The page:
CS 342 Lab 1-Alternate: Moving from Java to C++

Note: Only use this Alternate Lab 1 if you have not completed CS 241, or if you used C++ in your CS 241 Lab 2 and CS 241 Lab 3.

CS 342 Lab 1-Alternate: Moving from Java to C++

Lab date: 18 January through 20 January 2000
Due date: 23 January 2000 11:59 pm


This lab shows the obvious differences between Java and C++. And, it ensures that you are comfortable using the tools for compiling C++ programs. Finally, it introduces some elementary C++ language features.


Obtaining the Lab distribution:

At a Unix shell prompt, type ~cs342/bin/lab1. That will copy several files to a new lab1 subdirectory. You can cd lab1 and enter make javamap.class to compile the Java test program, if you like.

NOTE: If you're a CEC Unix machine, you must pkgadd java_1.2. (Or maybe java2, but we haven't tested it yet.)


  1. Compile and run the Java hash map program. Our particular HashMap maps a lower case character ('a' .. 'z') to an integer. The lower case character is the key, the integer is the value. (This could be a very simple model of a student name-to-id number map.)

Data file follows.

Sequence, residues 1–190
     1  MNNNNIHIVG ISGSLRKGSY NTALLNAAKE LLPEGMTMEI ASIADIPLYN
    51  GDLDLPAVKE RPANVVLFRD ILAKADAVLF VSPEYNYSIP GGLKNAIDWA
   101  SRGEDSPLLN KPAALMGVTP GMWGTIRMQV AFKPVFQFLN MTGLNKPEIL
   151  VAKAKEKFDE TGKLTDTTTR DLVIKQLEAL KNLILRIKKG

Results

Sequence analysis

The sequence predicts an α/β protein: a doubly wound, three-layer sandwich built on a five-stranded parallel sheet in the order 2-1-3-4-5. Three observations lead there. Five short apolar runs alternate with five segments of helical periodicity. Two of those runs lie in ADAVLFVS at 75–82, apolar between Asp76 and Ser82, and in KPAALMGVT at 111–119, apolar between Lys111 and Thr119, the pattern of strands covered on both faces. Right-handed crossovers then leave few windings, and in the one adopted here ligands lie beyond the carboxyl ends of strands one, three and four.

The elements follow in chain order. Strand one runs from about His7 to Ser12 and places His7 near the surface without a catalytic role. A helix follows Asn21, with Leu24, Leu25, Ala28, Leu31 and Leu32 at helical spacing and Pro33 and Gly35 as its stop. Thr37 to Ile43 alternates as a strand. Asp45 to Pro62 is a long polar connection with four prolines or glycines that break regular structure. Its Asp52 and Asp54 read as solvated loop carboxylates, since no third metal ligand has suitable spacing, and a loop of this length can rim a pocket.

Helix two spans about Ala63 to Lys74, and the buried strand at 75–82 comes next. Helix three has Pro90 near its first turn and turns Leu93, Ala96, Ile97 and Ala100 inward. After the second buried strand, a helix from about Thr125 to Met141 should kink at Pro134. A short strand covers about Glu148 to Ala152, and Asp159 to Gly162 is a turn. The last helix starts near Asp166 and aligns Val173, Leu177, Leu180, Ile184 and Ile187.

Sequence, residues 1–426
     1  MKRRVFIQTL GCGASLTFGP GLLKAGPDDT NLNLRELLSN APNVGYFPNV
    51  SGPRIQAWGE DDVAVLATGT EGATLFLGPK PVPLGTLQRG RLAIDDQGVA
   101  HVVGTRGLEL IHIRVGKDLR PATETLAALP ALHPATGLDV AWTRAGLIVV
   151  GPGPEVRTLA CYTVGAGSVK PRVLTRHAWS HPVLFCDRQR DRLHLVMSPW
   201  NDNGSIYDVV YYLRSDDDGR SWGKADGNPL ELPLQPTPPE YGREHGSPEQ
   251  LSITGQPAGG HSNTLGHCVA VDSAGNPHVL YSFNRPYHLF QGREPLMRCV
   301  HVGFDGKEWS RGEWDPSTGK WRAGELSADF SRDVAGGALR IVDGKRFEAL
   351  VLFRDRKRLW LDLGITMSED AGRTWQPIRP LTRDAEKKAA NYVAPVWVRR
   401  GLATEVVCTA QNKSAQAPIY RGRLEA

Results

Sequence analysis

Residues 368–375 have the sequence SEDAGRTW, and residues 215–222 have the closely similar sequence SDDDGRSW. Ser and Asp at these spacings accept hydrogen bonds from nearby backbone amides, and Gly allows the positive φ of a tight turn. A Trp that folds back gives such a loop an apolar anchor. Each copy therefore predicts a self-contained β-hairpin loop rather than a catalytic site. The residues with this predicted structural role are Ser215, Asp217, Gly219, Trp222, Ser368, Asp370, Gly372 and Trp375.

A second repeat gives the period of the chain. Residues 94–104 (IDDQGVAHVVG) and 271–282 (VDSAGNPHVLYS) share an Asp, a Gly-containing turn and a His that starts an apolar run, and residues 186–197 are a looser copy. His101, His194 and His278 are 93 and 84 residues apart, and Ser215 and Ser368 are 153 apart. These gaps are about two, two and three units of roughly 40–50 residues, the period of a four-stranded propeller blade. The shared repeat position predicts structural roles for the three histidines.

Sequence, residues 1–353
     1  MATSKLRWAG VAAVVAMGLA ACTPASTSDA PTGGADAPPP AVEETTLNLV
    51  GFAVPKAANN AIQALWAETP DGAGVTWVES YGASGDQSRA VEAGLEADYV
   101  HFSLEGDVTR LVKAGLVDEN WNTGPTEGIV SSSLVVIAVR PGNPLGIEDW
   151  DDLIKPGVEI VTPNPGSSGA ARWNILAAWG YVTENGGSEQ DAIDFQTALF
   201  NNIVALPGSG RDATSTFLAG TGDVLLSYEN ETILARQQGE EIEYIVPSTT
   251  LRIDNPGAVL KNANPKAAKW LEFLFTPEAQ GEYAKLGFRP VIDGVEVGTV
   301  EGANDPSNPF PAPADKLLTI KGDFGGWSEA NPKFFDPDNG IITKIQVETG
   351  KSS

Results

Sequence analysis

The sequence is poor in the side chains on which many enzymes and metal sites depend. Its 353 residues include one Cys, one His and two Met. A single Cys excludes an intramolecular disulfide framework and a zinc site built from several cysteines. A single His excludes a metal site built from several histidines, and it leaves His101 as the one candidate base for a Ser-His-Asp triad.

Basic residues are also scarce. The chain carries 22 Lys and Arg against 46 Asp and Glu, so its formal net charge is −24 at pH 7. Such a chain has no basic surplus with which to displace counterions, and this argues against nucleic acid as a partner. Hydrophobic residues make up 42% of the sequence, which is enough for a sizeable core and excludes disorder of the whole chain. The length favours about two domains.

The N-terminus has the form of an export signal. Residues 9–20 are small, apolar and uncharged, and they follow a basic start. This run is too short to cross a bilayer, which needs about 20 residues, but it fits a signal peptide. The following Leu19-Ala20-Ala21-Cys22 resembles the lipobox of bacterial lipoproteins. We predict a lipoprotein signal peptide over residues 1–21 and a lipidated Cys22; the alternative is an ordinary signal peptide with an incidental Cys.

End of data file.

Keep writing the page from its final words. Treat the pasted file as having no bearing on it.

2. Add some test cases to provide better coverage of the hash map functionality. Specifically, be sure to test what happens when you try to put or get an unexpected key value, such as a key that is outside the allowed range.

    This may not seem very useful at this point. But, you'll be implementing a (simple) hash map, and need to adequately test that.

  3. Replace the use of the built-in Java hash map with your own hash map. It can be simple, and need only provide put, get, and size methods. It need only map single characters to integers. It's OK, for this lab, to use an array of a hard-coded size for your hash map.

  4. Translate your Java program to C++. Be sure that all of your C++ source code is in a file named main.cc.

  5. Put your test output in these files:
    1. out.javamap for the Java HashMap implementation.

    2. out.java for your Java implementation that does not use HashMap.

    3. out.c++ for your C++ implementation.

    You can use the shell redirection operator to put output into a file, e.g.,
    java javamap > out.javamap

What to Submit:

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